An Array of Utopian Flowers
- Political Haiku: The Revolution Will Not Be Roboticized
Posted on January 12, 2017 | No Comments
- Inequality and Injustice – The Garifuna Struggle in Honduras
Posted on January 9, 2017 | 7 Comments
- 2017 Rose Parade: Up With the People, Down with the Pipeline
Posted on January 6, 2017 | No Comments
- Yaqui of Mexico: How the Sorcerer Cricket Saved the People
Posted on January 3, 2017 | No Comments
- LA’s ‘Hopscotch’ – Experimental Opera of the Freeways
Posted on December 28, 2016 | No Comments
- Political Haiku: The Revolution Will Not Be Roboticized
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- Posted on December 28, 2016 | No CommentsThe streets of Los Angeles played host last year to an audacious experiment in mobile opera called 'Hopscotch.' The recording will be released on January 13, and a concert will take place on Friday, January 20 (7:30 pm) at the University of Southern California’s Newman Recital Hall.
- Posted on November 24, 2016 | No CommentsAt one time billed as the Moon Goddess and Andy Warhol It-Girl, singer Nico's dark, avant-garde music and deep, hypnotic voice were first heard in the Velvet Underground. She continued to work sporadically as a solo artist after leaving the Velvets, though a longtime heroin addiction and methadone dependency sidetracked her career. Check out the documentary on her life, Nico:Icon.
- Posted on October 25, 2016 | No CommentsBattleship Potemkin is a 1925 Soviet silent revolutionary propaganda film directed by Sergei Eisenstein and produced by Mosfilm. It presents a dramatized version of the mutiny that occurred in 1905 when the crew of the Russian battleship Potemkin rebelled against their officers.
- Posted on September 3, 2016 | No CommentsFela Kuti, Nigerian music legend, political insurrectionist and provocateur against the corporate and missionary sell-out of African wisdom and religion, ending up in jail and tortured...and loved by the African people. Here, Jamaican-born, Africa-based writer Lindsay Barrett puts us on Fela's life path, his wild and unstructured Afrobeat sound, the commune, the wives, and the push against the Nigerian military dictatorship.
- Posted on August 17, 2016 | No CommentsCassavetes' Shadows "improvises" Beat Generation Manhattan, where two brothers and a sister, black but inexplicably played by two white actors, careening off track to scaled-back sketches of Charles Mingus' saxophone jazz yearnings. Black and white neon signs blink and the old Times Square looms like the otherworld, naturalistic cordial racism separating the chosen from the downtrodden, both dreaming of making it, of creating something.
- Posted on July 7, 2016 | No CommentsInternationally acclaimed Iranian filmmaker Abbas Kiarostami's "realist parable film-making" expanded the artistic history of world cinema. Called "an icon of change in Iran," his death this past Monday has challenged critics to find ways to fully describe the distinctive nature of his cinematic mastery.
- Posted on June 26, 2016 | No Commentsdublab innovates music, arts and culture with it's freeform internet radio broadcasts in an age where access to mind-bending creation is both limited and expanded. Premiere sonic explorer, Mitchell Brown <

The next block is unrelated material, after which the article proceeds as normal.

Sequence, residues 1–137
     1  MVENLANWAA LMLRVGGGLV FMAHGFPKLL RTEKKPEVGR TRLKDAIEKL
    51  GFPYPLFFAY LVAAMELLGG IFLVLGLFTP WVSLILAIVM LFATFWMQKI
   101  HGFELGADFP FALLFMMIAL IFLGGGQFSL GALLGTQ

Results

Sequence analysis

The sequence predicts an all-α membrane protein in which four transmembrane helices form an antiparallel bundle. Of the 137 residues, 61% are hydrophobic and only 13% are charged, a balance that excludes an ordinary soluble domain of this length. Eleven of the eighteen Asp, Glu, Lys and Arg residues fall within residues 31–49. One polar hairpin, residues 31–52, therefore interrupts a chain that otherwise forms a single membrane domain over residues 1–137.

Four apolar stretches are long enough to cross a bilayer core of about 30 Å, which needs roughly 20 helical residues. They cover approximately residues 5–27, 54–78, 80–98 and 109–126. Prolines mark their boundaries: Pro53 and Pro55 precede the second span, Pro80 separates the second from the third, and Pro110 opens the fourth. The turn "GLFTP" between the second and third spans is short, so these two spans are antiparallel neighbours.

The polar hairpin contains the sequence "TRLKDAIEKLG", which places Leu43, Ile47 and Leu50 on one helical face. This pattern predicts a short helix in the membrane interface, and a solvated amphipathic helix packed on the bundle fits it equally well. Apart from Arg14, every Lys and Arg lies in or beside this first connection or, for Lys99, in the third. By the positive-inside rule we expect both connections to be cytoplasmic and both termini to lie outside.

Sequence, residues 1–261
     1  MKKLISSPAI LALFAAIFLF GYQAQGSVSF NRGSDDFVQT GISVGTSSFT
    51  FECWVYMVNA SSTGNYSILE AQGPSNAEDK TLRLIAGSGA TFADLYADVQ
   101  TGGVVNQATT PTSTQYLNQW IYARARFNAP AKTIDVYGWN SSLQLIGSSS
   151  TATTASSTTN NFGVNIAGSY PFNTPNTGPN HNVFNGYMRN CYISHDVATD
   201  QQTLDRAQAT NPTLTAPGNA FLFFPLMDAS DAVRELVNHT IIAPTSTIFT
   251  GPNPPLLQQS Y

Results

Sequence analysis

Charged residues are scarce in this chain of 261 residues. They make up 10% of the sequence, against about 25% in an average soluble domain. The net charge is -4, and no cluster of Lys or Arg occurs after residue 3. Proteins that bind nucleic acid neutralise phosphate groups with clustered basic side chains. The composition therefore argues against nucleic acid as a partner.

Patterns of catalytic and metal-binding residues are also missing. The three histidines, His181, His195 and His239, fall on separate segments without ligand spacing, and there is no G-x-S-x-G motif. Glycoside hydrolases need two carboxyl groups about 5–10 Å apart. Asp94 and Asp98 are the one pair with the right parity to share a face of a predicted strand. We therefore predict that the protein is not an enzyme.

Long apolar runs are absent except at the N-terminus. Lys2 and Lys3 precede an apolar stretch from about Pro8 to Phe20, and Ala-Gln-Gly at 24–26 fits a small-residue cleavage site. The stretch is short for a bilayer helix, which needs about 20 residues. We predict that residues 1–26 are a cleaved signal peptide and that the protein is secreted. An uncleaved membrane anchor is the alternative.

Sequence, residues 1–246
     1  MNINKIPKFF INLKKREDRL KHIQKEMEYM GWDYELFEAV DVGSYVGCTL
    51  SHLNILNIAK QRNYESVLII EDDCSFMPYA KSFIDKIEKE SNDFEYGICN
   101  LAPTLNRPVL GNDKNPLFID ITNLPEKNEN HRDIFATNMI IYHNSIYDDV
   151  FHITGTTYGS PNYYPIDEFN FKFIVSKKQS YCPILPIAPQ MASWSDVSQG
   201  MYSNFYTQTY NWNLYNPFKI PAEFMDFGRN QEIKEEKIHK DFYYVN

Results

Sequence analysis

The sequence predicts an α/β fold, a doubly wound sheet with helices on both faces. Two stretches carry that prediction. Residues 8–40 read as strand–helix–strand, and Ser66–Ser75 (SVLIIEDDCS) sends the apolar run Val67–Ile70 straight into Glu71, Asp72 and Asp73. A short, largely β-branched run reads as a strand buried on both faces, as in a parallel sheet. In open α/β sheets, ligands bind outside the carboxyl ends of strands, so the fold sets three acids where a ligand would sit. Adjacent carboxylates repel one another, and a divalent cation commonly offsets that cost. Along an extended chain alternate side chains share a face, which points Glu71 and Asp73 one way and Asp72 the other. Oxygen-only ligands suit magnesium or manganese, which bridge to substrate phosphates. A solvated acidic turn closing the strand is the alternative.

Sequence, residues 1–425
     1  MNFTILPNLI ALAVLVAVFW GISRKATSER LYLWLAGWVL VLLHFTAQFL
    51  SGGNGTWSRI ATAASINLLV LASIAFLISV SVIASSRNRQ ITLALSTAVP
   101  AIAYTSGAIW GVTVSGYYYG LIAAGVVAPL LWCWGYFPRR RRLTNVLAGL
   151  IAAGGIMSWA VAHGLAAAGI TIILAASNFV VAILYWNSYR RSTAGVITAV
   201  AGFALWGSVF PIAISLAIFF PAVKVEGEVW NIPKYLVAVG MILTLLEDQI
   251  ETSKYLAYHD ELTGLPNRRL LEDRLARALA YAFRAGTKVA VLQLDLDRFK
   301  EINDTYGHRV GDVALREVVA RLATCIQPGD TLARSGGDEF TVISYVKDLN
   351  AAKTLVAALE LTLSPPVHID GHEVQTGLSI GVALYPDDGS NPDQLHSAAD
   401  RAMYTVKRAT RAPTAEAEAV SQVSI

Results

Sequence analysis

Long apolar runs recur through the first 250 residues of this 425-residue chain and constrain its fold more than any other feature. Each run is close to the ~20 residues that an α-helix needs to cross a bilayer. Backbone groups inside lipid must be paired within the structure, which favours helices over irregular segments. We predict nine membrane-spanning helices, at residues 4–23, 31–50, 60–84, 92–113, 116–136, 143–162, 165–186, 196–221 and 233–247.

> pioneered the movement with his ambient-abstraction-universe-sampling mix-match radio show "Glossolalia."
- Posted on June 14, 2016 | 1 CommentMonte Schulz's literary novel Crossing Eden (Fantagraphics Books), sweeps across the Midwestern U.S. landscape through the story of a family pulled apart in the Jazz Age summer of 1929. A failed businessman, seduced by city lights and the dream of wealth and power, divides himself from his wife and children, while a troubled farm boy runs away from home in the company of a gangster.
- Posted on June 4, 2016 | 1 CommentWelcome to the Anthropocene age, where humans have transmogrified the planet, its oceans and atmosphere, caused mass extinctions and wholesale contamination that will remain for millennia. Beyond the politicians and scientists, the way forward remains in the hands of writers, artists, and designers taking inspiration from wild earth in a movement called Geo-Fauvism.
- Posted on April 11, 2016 | 1 CommentEthnobotanist Richard Evans Schultes, one of the most important plant explorers of the 20th century, served as a key inspiration in a recent film called "Embrace of the Serpent." In December 1941, Schultes entered the Amazon to study how indigenous peoples used plants for medicinal, ritual, and practical purposes. After nearly a decade of fieldwork, he made significant discoveries about the sacred hallucinogen ayahuasca. In total, Schultes would collect more than 24,000 species of plants including some 300 species new to Western science.
- Posted on March 27, 2016 | 1 CommentB. Traven, German underground author, anarchist and writer of the Treasure of Sierra Madre, purposely obscured his origins to evade consequences from his revolutionary past in Germany and to stoke his literary mystery that hinged upon his words: "An author should have no other biography than his books."
- Posted on February 20, 2016 | 3 CommentsPostcommodity is a collective of American Indian artists from different backgrounds and mediums, combining to create giant musical instrument installations, video, sound and sculpture. Their Repellent Fence installation floated Scare-Eye Bird Repellent balloons over the border between Arizona and Sonora.
- Posted on February 6, 2016 | No CommentsCarlos Reygadas, the Mexican surrealistic filmmaker known for confounding audiences with somnolent landscapes and stark visions of humanity melding among the wily breeze, the flow of a silent river, and the meander of children wandering through tall grass. He has created a subtle masterpiece with his 2007 film Silent Light.